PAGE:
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How Gen X Learned to Start Worrying and Love Retirement Planning

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They hope they don’t die before they get old.

Possessing a heavy streak of nihilism when they came of age two decades ago, as well as an equally weighty rejection of the materialistic 1980s, Generation X‘s cynicism was matched only by its clothes and music. They had the anti-authoritarian streak of their Baby Boomer elders, just without all the free love and flowers.

How times have changed. Now well into their forties, the grunge generation is listing things as lame as life insurance and retirement planning as top concerns.

A retirement study from LIMRA conducted in July found Generation X tended to be more concerned that they would not have enough money for retirement than their younger and older counterparts.

While it might seem surprising, given the attention mobile device-loving Generation Y has received of late, only a quarter of Generation Y consumers (ages 18 to 32) and three in 10 Baby Boomers (age 49 to 68) were very concerned about having enough money for retirement, compared with 36% of Gen X consumers.

Fewer than 20% of all Americans are very confident they will have a secure retirement. Boomers and Gen X were least likely to feel very confident about achieving a secure retirement (13% and 14% respectively), while 21% of Gen Y said they were very confident they would have a secure retirement.

“While many Gen X Americans are in the prime earning years, they are less likely to have a defined benefit plan than Boomers and more likely to be aware of risks associated with retirement and the challenges they face to save enough to achieve a secure retirement than younger consumers,” Alison Salka, corporate vice president and director of LIMRA Retirement Research, said in a statement. “They also may be managing multiple financial demands like saving for a child’s education or helping older parents. Meanwhile, Baby Boomers probably already have a realistic picture on their retirement outlook.”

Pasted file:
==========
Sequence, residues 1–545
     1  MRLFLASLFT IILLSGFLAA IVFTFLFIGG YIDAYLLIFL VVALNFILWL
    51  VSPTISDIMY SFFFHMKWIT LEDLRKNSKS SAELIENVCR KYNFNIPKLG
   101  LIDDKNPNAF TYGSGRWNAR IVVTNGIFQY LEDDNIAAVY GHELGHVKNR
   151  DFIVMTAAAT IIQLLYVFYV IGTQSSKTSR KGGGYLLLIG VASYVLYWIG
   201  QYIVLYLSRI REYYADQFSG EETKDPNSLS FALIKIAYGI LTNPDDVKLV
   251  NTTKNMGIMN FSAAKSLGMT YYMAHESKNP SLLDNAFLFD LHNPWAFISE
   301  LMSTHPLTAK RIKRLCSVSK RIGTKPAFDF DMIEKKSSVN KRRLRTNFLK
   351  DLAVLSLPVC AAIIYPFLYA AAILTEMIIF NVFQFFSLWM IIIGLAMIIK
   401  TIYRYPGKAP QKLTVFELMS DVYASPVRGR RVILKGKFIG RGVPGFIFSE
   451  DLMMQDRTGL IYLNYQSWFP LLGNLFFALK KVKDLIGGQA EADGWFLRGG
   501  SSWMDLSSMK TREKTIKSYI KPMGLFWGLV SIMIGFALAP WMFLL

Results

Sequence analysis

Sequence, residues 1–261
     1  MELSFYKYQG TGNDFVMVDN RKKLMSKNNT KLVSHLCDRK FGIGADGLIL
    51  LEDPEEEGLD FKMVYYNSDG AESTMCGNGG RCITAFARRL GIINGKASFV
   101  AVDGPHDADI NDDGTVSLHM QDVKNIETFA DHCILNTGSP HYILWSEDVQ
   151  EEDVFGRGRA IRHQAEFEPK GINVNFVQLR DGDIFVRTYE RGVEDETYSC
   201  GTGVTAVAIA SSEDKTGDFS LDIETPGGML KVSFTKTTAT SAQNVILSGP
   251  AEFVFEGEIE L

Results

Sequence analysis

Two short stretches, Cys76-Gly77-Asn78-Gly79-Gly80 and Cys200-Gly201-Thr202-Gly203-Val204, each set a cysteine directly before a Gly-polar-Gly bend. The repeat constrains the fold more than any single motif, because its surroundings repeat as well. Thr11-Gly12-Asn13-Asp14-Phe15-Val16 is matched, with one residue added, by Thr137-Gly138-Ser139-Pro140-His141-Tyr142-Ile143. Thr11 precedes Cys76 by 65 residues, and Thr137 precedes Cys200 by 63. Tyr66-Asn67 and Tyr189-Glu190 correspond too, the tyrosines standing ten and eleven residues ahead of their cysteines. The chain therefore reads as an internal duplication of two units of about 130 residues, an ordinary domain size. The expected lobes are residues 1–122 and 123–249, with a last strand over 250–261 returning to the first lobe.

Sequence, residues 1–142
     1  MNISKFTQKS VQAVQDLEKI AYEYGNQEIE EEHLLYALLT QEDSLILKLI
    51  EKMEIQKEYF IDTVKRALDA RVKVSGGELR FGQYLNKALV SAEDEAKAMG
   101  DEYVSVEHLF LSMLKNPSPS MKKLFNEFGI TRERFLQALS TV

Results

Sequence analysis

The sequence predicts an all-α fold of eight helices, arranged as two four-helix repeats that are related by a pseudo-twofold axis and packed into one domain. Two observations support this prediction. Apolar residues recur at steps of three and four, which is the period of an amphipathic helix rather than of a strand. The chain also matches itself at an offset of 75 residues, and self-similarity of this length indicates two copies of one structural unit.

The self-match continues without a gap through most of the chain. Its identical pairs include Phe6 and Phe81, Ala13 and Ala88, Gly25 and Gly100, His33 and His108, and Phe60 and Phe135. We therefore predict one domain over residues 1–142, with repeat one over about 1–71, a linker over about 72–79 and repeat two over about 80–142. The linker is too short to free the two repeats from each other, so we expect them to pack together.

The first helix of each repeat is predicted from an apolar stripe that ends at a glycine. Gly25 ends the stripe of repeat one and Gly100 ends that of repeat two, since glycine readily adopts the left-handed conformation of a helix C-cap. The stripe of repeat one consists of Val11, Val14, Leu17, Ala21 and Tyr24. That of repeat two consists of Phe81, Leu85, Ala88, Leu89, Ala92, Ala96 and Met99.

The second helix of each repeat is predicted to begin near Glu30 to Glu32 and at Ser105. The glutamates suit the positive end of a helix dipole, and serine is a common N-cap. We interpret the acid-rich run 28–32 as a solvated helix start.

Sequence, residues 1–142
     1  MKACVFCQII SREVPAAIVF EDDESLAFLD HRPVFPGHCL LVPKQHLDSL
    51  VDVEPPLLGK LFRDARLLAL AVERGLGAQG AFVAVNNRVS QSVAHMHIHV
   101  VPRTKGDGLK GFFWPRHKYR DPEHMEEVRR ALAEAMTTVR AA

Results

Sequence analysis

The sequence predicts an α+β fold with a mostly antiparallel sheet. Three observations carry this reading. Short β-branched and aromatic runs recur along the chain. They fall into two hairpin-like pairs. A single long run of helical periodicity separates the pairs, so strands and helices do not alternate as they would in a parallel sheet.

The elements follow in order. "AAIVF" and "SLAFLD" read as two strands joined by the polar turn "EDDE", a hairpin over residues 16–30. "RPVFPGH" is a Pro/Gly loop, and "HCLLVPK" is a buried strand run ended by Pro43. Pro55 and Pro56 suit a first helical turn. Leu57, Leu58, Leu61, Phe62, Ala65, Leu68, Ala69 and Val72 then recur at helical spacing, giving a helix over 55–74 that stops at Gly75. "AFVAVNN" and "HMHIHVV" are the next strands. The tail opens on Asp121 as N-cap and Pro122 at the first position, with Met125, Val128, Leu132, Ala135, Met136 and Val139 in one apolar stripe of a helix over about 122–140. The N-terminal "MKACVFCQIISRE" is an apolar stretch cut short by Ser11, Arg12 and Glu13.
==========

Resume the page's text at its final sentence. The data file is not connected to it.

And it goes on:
The study asked consumers to define retirement security. The top three descriptions chosen were “living comfortably” (24%), “having financial freedom” (23%) and “peace of mind” (16%).

It found almost three-quarters of consumers surveyed reported that they have taken at least one step toward a secure retirement. Contributing to an employer-sponsored retirement savings plan was the most common step among full-time workers. As expected, workers over 55 were more likely to have taken more steps, including calculating their retirement income, discussing planning with a professional and determining what their retirement expenses will be.

On a related front, New York Life reports that before the Great Recession took hold in 2008, Gen Xers reported a median shortfall between their life insurance coverage and their self-described financial needs of $362,688. Today, they are reporting a $448,996 gap, an increase of 24%, which the company says puts them in even greater danger of missing goals such as paying off mortgage or credit card debt, funding a college education or financing a secure retirement.

Check out Young Millionaires More Optimistic Than Boomers on ThinkAdvisor.


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